In all relationships there are conflicts and learning how to argue in a fair manner is important. In couples therapy and psychotherapy you should be learning these tools and have a safe environment to practice them in. Remember if you are trying to resolve a conflict with someone give yourself some time before the discussion to map out your goals for the conversation and be sure that you have a good environment for sitting down for the talk.

Here are some guidelines for when you sit down to discuss issues.

Heavyweight champion Muhammad Ali ( Cassius Clay) moves in with a series of amsshes to the face of challenger Floyd Patterson in the sixth round of their title fight at Las Vegas, Nevada on Nov. 22, 1965. (AP Photo)

Heavyweight champion Muhammad Ali ( Cassius Clay) moves in with a series of punches to the face of challenger Floyd Patterson in the sixth round of their title fight at Las Vegas, Nevada on Nov. 22, 1965. (AP Photo)

1. Be specific when you introduce a gripe.

2. Don’t just complain, no matter how specifically; ask for a reasonable change that will relieve the gripe.

3. Ask for and give feedback of the major points. Make sure you are heard and your partner understands what is said. Ask your partner to tell you what they heard.

4. Focus on one issue at a time. Otherwise, without professional guidance (or 3rd party) you may skip back and forth evading the hard ones.

5. Do not be glib or intolerant. Be open to your feelings and equally open to your partner’s feelings.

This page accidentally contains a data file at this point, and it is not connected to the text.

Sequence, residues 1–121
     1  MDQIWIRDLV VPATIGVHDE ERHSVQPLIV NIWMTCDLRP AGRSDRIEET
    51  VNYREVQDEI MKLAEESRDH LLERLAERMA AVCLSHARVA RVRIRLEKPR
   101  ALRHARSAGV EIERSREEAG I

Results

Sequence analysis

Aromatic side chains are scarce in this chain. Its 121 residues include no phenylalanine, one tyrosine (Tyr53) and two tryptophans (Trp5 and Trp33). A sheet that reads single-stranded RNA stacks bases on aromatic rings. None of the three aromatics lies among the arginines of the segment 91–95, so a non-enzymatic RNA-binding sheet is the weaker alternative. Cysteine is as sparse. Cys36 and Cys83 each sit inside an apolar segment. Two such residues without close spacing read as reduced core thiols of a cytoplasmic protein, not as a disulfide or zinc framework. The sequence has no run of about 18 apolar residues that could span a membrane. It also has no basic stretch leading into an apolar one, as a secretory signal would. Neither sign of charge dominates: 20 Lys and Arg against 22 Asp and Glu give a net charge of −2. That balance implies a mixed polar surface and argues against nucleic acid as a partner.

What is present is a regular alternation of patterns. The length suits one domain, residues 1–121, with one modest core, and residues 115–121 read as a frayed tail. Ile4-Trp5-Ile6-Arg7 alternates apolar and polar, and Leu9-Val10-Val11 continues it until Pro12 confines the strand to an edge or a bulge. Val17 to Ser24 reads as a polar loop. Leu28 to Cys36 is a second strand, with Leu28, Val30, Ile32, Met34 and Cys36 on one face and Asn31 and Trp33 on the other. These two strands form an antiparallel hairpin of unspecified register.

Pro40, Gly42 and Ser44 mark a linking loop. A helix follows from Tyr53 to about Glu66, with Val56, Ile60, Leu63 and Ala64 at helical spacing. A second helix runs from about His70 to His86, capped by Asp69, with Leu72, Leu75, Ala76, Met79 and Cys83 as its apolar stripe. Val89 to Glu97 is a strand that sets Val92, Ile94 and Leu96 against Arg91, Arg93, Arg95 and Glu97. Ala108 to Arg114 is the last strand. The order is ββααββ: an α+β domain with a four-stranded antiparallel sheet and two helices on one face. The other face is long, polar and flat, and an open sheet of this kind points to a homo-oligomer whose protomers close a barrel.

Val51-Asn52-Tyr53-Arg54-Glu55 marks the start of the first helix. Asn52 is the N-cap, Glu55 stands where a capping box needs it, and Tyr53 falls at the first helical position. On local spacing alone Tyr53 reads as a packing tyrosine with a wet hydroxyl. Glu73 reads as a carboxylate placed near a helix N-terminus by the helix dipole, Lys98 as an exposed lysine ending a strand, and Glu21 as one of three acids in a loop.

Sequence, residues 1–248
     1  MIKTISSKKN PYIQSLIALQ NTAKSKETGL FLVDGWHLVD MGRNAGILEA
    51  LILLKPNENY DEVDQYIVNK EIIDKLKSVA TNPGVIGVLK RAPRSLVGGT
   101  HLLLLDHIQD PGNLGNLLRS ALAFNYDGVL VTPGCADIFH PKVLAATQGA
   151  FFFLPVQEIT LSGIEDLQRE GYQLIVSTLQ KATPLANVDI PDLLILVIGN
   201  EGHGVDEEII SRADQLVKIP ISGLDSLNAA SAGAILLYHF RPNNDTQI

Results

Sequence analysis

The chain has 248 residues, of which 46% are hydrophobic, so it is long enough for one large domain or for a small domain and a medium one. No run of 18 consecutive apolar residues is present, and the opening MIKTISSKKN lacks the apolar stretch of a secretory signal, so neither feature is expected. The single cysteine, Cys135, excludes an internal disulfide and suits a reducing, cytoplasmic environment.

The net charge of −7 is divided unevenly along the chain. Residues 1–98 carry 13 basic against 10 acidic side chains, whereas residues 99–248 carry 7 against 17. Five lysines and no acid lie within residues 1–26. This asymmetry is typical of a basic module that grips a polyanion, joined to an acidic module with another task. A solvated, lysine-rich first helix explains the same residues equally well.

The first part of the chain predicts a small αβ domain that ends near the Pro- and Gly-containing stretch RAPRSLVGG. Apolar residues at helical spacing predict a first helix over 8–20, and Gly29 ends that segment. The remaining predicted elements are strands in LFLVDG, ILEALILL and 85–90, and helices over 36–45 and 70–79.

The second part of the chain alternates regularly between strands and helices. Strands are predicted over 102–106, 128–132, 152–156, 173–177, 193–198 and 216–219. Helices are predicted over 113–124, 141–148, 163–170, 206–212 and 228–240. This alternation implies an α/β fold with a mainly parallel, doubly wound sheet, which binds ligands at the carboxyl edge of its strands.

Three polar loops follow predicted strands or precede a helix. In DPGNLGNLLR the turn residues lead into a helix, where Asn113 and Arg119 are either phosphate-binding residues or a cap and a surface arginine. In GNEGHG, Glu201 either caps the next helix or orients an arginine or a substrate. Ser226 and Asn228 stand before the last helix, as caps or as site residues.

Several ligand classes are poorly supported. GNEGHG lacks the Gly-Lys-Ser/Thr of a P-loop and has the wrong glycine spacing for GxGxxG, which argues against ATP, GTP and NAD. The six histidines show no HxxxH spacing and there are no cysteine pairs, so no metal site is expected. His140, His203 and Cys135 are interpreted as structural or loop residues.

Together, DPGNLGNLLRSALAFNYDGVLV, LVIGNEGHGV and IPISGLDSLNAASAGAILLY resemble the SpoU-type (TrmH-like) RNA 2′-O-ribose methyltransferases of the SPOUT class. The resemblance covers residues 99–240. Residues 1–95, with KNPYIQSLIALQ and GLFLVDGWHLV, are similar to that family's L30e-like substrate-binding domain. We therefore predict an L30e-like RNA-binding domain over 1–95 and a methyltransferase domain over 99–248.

6. Always consider compromise. Remember your partner’s view of reality may be just as real as yours even though they may differ. There are not many totally objective realities.

7. Do not allow counter-demands to enter the picture until the original demands are clearly understood. Sometimes writing the agenda down helps everyone to stay focused.

8. Never assume that you know what your partner is thinking until you have checked out the assumption in plain language; nor should you assume or predict how your partner will react, what would be accepted or rejected. Allow the other person the opportunity to accept or reject any offer.

9. Do not correct your partner’s statement about his or her own feelings. Do not tell a partner what they should know or feel.

10. Never put labels on a partner, use name-calling or personal attacks. If you really believed that they were incompetent or suffered from some hopeless basic flaw you probably would not be with them. Do not make sweeping, labeling judgments about their feelings, especially about whether or not they are valid or important.

11. Sarcasm is dirty fighting.

12. Offer directions about the type of communication and response you need. Do you have time for problem-solving, empathy/sympathy, venting, support, etc. This allows your partner to make an informed assessment of their ability to be there for you.

13. Hurts, grievances and irritations should be brought up at the very earliest moment. Otherwise the issues may build into huge explosions.

14. Do not overload your partner with grievances. To do so makes them feel hopeless and suggests that you have either been hoarding complaints or have not thought through what really troubles you. Take time to meditate and give your feelings time to clarify into productive negotiations and requests.

15. Allow time for each person to think about the requests and needs of the other. These negotiations may need more than one sitting. Set up a follow-up time to meet.

16. Remember that there is never a single winner in an honest intimate fight. Both either win more intimacy or lose it.

Based on the book, “ Pairing “ by Dr. George R. Back & Ronald M. Deutsch.